When people think of hip-hop music, names like 50 Cent, Jay-Z, Ludacris, or Lil’ Wayne might spring to mind, along with progenitors of the genre like Grandmaster Flash or the Sugar Hill Gang. Through the course of the four-decade history of hip-hop, its definition as an often hypermasculine (and too often, homo- and transphobic) art form have reverberated with the listening public. Today, however, the landscape of the hip hop nation is changing; artists like Jay-Z (who, with his wife, Beyonce, recently received Vanguard honors at the GLAAD Media Awards [LA]) have publicly stated in words and song, their support for the LGBTQ community. At the crest of the wave, driving the new awareness of diversity, is a journeyman rapper called Shorty Roc, who has assembled a compilation album of highly talented, emerging, out rappers who offer a fresh, nuanced revision of hip-hop for contemporary audiences.
“Now is our time,” Shorty tells The Hollywood Digest, “and this is all about unity.” The Our Youth Award-winning vocalist and composer began his illustrious career 16 years ago, enthralling crowds around NYC’s LGBTQ club scene at such legendary venues as Langston’s and the old Warehouse, where his music gained him a steady, loyal following. Among Shorty’s early work were full-length albums that established him as a performer to watch, and he was prominently featured on trans rapper Foxxjazell’s Ride Or Die Pride Remix, which received great critical acclaim. “I wanted to show that gay rappers could perform just as well as [straight] artists,” Shorty reflects, and he took his act on the road in what was then an unprecedented LGBTQ hip hop tour, entitled Homorevolution. Shorty has long been at the forefront of out hip-hop, describing his work on the 2008 PBS documentary, In The Life, alongside other gay rappers. During that film, an A&R executive of Atlantic Records demurred when asked whether his label would sign an openly gay artist, citing a dearth of numbers and therefore a lack of marketability. Shorty thinks this is no longer the case. “Over the years, we’ve seen more out artists as a whole, and I know people are ready for out hip-hop artists, too,” he notes, adding that the marketplace is ready for a novel approach.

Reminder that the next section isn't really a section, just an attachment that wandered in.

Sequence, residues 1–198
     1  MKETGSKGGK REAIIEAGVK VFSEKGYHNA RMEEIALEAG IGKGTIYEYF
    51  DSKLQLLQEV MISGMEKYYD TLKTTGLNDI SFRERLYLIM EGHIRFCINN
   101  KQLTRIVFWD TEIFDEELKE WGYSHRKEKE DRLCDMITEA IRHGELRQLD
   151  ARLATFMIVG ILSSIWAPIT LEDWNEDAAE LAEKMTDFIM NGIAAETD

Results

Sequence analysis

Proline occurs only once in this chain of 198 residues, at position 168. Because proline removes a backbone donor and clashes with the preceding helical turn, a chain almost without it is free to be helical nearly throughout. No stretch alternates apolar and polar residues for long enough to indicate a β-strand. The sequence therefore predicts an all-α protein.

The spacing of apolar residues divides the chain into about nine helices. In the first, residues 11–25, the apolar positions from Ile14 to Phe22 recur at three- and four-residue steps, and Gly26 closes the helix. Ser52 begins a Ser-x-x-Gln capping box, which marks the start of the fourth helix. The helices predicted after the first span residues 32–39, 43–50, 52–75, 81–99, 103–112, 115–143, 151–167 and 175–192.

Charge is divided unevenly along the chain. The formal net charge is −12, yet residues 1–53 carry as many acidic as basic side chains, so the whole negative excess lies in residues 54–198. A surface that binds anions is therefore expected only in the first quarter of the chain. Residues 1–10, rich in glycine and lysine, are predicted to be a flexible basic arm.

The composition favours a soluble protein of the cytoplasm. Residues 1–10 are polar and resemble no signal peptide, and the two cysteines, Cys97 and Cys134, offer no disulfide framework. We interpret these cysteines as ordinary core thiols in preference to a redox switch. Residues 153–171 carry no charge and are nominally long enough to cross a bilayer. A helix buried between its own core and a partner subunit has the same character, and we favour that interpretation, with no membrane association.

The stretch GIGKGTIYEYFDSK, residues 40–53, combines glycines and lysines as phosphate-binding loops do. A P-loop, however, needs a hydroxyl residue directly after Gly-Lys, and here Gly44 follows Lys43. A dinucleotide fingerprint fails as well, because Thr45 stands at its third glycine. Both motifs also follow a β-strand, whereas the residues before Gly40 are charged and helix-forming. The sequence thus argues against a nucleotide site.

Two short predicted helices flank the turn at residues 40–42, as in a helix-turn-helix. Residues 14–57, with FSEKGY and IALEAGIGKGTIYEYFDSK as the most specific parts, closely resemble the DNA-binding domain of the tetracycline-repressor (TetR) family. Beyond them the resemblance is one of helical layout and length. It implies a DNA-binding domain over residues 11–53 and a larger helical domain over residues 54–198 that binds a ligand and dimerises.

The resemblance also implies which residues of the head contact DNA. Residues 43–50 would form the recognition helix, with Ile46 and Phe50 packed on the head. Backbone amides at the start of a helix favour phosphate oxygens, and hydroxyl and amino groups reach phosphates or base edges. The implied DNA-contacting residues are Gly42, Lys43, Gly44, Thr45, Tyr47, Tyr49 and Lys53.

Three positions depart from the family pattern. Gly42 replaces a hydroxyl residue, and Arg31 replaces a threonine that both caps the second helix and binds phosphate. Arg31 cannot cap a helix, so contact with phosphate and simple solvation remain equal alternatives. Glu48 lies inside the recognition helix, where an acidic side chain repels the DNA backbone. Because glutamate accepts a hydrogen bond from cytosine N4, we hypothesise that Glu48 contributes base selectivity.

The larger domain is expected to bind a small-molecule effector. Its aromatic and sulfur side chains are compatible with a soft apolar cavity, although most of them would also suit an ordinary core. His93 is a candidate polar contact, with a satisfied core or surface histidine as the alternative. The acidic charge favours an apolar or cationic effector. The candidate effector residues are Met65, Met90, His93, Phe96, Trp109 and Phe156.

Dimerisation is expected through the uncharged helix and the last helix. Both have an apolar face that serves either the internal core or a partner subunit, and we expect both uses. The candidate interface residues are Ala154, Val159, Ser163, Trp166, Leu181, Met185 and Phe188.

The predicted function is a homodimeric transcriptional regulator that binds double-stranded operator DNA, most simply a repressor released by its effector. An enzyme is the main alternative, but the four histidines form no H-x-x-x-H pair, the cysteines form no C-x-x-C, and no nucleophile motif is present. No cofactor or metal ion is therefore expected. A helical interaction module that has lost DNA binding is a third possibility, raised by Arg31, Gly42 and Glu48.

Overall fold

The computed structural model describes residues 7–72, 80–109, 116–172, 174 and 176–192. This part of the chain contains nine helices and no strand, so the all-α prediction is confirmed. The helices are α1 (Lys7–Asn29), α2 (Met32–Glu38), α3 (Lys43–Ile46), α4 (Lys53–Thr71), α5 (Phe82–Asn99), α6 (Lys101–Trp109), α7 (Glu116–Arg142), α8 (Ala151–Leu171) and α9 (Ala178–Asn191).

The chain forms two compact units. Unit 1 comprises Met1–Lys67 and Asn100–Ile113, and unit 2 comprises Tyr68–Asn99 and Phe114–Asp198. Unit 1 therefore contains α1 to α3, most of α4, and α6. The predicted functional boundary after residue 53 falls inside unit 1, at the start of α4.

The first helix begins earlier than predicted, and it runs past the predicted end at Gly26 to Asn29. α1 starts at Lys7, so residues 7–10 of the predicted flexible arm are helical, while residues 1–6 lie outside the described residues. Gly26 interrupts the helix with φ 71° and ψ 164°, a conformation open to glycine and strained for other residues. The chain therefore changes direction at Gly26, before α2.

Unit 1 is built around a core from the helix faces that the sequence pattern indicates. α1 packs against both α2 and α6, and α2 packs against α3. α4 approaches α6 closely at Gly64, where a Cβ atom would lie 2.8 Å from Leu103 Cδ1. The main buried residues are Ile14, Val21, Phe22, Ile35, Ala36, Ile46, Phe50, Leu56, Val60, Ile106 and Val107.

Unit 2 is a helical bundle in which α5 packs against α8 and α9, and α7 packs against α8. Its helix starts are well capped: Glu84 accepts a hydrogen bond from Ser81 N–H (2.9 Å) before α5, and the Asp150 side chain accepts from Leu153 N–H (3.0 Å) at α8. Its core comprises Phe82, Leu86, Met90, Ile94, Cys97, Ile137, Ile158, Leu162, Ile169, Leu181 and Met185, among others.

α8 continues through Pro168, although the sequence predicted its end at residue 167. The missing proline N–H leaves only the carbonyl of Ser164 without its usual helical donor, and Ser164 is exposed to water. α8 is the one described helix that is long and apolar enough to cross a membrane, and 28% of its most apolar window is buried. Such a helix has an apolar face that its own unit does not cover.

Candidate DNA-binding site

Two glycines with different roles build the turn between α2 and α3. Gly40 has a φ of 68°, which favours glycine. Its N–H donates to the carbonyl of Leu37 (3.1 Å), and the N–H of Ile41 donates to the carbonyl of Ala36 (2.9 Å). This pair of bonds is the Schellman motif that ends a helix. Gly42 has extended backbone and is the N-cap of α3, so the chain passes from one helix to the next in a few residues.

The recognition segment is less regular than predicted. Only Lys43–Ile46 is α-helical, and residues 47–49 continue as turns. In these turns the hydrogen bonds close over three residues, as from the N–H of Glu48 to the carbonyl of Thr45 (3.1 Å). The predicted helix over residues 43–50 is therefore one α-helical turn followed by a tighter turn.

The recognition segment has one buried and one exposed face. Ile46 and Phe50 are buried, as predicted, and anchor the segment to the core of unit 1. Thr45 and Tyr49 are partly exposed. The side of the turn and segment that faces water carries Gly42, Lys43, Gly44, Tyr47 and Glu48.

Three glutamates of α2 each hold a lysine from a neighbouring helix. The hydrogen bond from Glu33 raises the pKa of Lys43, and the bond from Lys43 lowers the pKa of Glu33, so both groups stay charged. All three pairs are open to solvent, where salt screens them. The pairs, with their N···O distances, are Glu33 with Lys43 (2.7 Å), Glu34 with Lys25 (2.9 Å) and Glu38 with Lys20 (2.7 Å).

Now, Shorty has created an ambitious fourth major project, with which he and his colleagues intend to steal a march on the music industry. It’s a veritable “who’s who” of LGBTQ hip-hop, reaching into every corner of the community for its blockbuster lineup. Superbly engineered by Swanny River, whose electrifying beats and nonpareil verses have made him a top name in the canons of out hip-hop, each track on the collection pulses with its own unique, mellifluous aura. There’s even a hilarious cameo from nationally famous out funnyman Sampson McCormick (Fuck Boy PSA) to complement the songs of Kevin ‘Kaoz’ Moore and Booder (Full Circle), Anye Elite (Curve), Bugz Gutta, IKP and Kiing Most (Boss Moves), Kin4Life and Butterfly (Shoot), Billy “Bad” Hood (Dat Bag), EarthTone and Damien Crawford (Running), Tavares TV (Just Us), and Pretty Boy Rich’s No Hook. There’s not a single weak moment in the entire record, and Shorty has constructed something special in this first-ever anthology.
“I think it’s important for all of us to come together,” Shorty observes, “and let the world know who we are.” In today’s fraught political climate, with anti-LGBTQ rhetoric and violence resurgent, positive images are needed to encourage today’s LGBTQ youth, for whom Shorty has long been an advocate. Each of the artists featured on All Stars is easily the equal of any “mainstream” talent performing today, and it’s clear what Shorty has cooking here: it’s a showcase vehicle meant to bring out hip-hop into the sunlight, after decades of lingering in the shadowy underground. As a serious step forward, Shorty has crafted what will likely prove to be a sine qua non, encouraging other aspiring rappers, whether gay, lesbian, bi, or trans, to burst forth and unleash their creative spirits on the industry as well. The album was feted at Shorty’s big release party in Brooklyn on April 24 to an enthusiastic reception, and is available now at Spotify and Apple Music. More of this, please, Shorty!